We got to a point where we had to turn back or figure out something drastic.  We (she) decided it was a good idea to climb the face of a rock formation that was completely vertical and at least 4 feet taller than me. She is a little spider monkey.  When we reached the top, I realized we could not get back down.

Water too deep, rocks under water too slippery... we're going for it.  Up, up, up.

Really?  Really!!!! 
Yup, it was steep.
News delivered that the path existed, but we were in for a big, fun treat...  Stella cowering from the pricker bushes.

So there were these guys that had swum over and easily walked to the top from a very easy route that we had no access to.  I asked them how deep the water was to see if I could swim her back, however they said it was 15 feet around the rocks, and although Stella believed I could swim with her on my back, this long distance, that was a no go. We realized we had to keep going all the way up to the top. We carefully worked our way up the rock formations, which became more and more challenging to maneuver.

We got very near the top and the guys were climbing back down to jump off into the water. I asked them if there was a path at the top that could get us safely to the beach, and they said yes, but it would lead us smack in the middle of a wedding reception.  One man said, "You will definitely be noticed, and it might be awkward."
I said, "Oh no, we can't do that."
He replied, "Honestly, I'd rather see you take her that way and be safe."
Thank ya stranger.

I knew it wasn't just unsafe to try and climb back down, it was really impossible to do without help.  I looked out across the beach trying to mindmeld with my husband.  Come.  Save us! 
Apparently he was taking pictures of the whole damn thing, and was absolutely amazed by our climb, and was not aware of any distress. I looked back at the path, and then down at Stella.  She was game for anything.  Hmmmm....  Maybe the guests and wedding party would be engaged in something so interesting and entertaining, they would be temporarily, yet completely unimpressed, by the clear blue summer sky blending into the majestic, churning Atlantic, for the few moments, (I hoped it would be only a short distance we would be crossing), we would suddenly offer some glaring exposed flesh contrast to the formalwear of the event, as we appeared at the top of the path.  I quietly asked God to please not have us photo-bomb wedding photos in a much more ridiculous manner than if we had just happened to be in the ocean while they were having a few pictures taken on the beach .  And we moved on.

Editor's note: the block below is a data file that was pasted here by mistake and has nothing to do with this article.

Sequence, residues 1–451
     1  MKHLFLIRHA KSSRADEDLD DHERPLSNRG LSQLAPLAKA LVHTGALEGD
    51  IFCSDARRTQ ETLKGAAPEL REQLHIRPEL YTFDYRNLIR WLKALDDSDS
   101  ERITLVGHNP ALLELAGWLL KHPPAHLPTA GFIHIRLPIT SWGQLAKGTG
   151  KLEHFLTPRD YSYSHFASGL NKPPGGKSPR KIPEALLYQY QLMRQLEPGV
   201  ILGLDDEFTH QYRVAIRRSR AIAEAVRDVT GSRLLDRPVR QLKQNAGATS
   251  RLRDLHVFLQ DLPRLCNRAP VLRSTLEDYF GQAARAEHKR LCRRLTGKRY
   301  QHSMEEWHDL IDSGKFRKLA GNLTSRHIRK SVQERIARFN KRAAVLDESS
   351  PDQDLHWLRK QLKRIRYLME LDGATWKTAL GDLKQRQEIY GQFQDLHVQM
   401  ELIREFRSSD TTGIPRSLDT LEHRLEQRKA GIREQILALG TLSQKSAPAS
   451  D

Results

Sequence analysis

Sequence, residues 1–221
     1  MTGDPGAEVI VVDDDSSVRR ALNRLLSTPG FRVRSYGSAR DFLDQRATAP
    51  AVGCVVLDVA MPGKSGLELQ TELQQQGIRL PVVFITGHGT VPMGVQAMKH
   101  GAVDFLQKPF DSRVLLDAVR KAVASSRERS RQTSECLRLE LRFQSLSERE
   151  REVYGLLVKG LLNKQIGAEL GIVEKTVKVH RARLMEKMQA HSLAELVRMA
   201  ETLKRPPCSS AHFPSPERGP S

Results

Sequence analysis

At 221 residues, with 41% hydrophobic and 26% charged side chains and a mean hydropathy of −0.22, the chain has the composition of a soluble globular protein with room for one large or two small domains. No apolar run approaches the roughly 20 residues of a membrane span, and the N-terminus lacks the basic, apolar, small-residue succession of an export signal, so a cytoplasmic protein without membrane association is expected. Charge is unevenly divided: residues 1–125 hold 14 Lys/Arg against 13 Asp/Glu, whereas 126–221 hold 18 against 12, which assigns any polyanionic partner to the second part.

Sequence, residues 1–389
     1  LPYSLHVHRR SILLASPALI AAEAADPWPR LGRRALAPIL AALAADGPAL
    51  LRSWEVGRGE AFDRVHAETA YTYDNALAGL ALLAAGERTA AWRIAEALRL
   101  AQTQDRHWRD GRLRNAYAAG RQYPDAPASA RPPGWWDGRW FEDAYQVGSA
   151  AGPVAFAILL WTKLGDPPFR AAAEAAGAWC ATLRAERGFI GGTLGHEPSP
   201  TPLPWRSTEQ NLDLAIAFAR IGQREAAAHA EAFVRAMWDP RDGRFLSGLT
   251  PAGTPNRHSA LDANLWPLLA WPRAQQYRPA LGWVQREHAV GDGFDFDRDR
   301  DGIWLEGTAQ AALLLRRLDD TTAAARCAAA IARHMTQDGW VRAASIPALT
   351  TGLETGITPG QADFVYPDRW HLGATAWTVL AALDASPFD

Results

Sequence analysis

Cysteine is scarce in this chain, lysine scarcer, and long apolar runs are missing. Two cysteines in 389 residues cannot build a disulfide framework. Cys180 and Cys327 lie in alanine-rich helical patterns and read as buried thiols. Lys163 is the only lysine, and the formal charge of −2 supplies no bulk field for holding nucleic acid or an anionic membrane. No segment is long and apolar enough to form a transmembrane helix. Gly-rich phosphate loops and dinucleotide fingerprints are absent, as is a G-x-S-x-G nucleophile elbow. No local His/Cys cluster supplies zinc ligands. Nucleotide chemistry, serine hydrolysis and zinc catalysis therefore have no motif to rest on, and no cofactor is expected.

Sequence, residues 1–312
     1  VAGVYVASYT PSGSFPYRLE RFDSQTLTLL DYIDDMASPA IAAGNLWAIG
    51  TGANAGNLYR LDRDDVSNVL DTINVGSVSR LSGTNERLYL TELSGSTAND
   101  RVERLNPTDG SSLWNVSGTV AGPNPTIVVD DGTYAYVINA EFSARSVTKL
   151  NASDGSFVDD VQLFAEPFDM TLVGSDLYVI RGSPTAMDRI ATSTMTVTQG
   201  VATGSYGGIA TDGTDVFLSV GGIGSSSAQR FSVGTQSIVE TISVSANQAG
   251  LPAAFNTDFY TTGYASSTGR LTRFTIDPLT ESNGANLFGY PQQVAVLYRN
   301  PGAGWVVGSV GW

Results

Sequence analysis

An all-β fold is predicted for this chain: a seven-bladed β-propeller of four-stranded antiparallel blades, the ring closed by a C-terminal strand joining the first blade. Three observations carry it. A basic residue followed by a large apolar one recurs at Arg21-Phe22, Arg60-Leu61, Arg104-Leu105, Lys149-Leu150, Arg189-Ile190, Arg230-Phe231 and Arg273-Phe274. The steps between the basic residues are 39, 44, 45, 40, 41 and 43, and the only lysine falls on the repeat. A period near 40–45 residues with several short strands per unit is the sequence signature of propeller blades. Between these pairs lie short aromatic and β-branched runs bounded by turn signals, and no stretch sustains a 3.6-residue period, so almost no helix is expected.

No Eye Contact.  Just Run!

As we crested the top of the boulder, we saw "the path" was very narrow and lined with prickery brambles and sumac.  Of course I had to pick up my determined and stubborn Stella, and carry her through it.  As I walked slowly along, almost naked by normal, I am going to a wedding, non-beach standards, I dreaded coming to the precisely manicured and landscaped lawn.  Stella and I discussed our inevitable streaking mortification. She understood that I would be very under-dressed for the occasion, yet a child is always charming, even when she is a bikini-clad wedding crasher.  We saw the wedding reception at the Stage Neck Inn. We were going to be walking right through the grass where they have the reception, and there was no way to be inconspicuous. Stella and I strategized that we would make no eye contact and run like crazy barefoot and in our bikinis.  We got to the end of the path, I put her down.  We made eye contact, she might have even winked, and I said... "Run." We booked it, which must have made it more ridiculous for our audience and made us more conspicuous. I even slipped on the grass and started laughing, which didn't help. We did not have to cross any major wedding traditions, like the first dance, or more formal photos, but we did run past guests, and I could see quite a few coral flashes in the corner of my eye.
  No eye contact.  Don't even look.  Just run.

We were seen, to be sure, but we didn't stop running until our feet hit sand, and our bathing suits were proper dress code.

And you know, we survived, which I felt was a perilous situation, but I have to say, the only part that scared Stella, (and only a tiny bit), was running through the wedding reception.  Steep Rocky ledges and the mighty ocean weren't a damn thang to that little girl.